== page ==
Scorned, she wanders in the woods and hides her face in shame among the leaves, and from that time on lives in lonely caves. But still her love endures, increased by the sadness of rejection. Her sleepless thoughts waste her sad form, and her body’s strength vanishes into the air. Only her bones and the sound of her voice are left. Her voice remains, her bones, they say, were changed to shapes of stone. She hides in the woods, no longer to be seen on the hills, but to be heard by everyone. It is sound that lives in her.
Echo and Narcissus
— Pyramus and Thisbe, Ovid (via everydayslikeanopendoor)
The Fall of Phaeton (ca.1767-68, National Gallery of Scotland)
In ancient myth Phaeton was the handsome child of the sun god Phoebus and Clymene who, growing vain, claimed from his father the right to drive his chariot for a day. Losing control of the vehicle, he plunged to earth spectacularly. Runciman probably took the subject from the ancient author Ovid’s Metamorphoses, an important source of subject matter for artists.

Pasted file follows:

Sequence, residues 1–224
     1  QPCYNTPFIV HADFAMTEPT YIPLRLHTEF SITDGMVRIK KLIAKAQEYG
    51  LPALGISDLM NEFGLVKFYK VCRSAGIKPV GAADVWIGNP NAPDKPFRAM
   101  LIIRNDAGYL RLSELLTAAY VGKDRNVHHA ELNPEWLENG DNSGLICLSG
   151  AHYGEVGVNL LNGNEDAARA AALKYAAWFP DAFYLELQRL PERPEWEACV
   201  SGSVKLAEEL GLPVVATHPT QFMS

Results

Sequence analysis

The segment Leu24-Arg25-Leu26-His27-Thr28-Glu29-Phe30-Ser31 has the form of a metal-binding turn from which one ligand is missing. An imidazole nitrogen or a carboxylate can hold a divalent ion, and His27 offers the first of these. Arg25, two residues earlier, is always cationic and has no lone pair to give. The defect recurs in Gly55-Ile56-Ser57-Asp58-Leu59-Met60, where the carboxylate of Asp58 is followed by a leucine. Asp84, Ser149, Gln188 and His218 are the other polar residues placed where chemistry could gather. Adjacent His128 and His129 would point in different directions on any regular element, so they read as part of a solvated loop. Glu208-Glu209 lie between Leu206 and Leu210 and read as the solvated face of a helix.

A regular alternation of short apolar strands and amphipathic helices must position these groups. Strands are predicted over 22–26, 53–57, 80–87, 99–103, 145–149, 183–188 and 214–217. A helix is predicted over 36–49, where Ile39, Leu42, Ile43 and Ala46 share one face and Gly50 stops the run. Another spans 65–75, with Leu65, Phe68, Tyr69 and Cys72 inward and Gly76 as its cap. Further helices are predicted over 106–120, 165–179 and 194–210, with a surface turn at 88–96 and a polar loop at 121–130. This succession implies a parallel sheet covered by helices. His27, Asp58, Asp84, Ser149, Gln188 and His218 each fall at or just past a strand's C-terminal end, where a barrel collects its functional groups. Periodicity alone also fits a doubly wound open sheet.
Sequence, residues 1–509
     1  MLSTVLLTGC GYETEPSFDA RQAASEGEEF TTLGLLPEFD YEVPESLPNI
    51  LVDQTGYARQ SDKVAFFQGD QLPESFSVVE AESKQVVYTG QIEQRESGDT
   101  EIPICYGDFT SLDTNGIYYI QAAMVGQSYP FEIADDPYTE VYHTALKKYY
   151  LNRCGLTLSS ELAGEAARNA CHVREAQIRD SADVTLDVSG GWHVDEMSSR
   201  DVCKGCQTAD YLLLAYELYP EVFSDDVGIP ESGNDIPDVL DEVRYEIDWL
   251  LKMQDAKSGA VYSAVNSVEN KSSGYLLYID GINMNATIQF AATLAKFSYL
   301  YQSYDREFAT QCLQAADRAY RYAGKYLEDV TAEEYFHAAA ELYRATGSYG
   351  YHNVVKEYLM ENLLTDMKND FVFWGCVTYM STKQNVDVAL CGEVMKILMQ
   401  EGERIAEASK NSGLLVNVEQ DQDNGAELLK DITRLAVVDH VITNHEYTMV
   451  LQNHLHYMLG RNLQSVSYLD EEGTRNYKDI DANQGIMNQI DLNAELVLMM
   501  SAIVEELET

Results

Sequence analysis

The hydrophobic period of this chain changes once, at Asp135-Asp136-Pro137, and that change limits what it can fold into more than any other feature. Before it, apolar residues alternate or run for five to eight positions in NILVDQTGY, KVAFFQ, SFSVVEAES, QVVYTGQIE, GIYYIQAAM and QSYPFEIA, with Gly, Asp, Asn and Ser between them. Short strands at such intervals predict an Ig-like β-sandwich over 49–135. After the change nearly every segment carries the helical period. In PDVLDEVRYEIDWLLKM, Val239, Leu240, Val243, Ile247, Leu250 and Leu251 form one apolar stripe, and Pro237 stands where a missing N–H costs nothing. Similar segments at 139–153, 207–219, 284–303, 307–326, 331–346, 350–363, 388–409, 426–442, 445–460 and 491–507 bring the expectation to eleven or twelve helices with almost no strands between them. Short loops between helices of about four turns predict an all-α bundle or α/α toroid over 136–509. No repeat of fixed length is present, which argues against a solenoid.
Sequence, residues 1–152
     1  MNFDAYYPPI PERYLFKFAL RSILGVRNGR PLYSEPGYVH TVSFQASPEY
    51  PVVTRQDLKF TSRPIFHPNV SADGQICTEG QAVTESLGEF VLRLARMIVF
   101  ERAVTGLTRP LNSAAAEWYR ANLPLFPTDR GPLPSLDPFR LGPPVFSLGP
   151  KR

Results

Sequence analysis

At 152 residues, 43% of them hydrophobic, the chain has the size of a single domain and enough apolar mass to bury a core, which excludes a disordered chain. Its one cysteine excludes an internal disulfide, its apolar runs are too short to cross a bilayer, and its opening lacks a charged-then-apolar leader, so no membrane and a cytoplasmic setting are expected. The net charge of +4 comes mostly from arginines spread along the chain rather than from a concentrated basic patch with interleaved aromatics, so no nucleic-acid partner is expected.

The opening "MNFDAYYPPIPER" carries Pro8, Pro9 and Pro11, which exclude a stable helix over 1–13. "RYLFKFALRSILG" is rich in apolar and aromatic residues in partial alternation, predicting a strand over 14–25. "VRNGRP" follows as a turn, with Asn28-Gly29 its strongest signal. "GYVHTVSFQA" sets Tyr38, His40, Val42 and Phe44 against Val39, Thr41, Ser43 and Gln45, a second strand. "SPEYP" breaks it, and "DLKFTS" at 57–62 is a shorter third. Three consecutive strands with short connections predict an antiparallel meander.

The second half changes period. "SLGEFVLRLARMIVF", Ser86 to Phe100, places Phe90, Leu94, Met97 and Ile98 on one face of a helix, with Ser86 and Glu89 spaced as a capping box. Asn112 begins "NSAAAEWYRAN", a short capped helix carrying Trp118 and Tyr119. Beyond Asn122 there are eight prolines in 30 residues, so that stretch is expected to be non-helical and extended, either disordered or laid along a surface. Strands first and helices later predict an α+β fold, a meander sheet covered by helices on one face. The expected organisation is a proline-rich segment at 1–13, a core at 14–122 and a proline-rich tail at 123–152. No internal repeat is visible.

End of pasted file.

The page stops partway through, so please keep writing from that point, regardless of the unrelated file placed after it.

Cycnus, the son of Sthenelus witnessed this marvel, who though he was kin to you Phaethon, through his mother, was closer still in love. Now, though he had ruled the people and great cities of Liguria, he left his kingdom, and filled Eridanus’s green banks and streams, and the woods the sisters had become part of, with his grief. As he did so his voice vanished and white feathers hid his hair, his long neck stretched out from his body, his reddened fingers became webbed, wings covered his sides, and a rounded beak his mouth. So Cycnus became a new kind of bird, the swan. But he had no faith in Jupiter and the heavens, remembering the lightning bolt the god in his severity had hurled. He looked for standing water, and open lakes hating fire, choosing to live in floods rather than flames.
From Book II of Ovid’s Metamorphoses, Cycnus (mourning the death of Phaeton)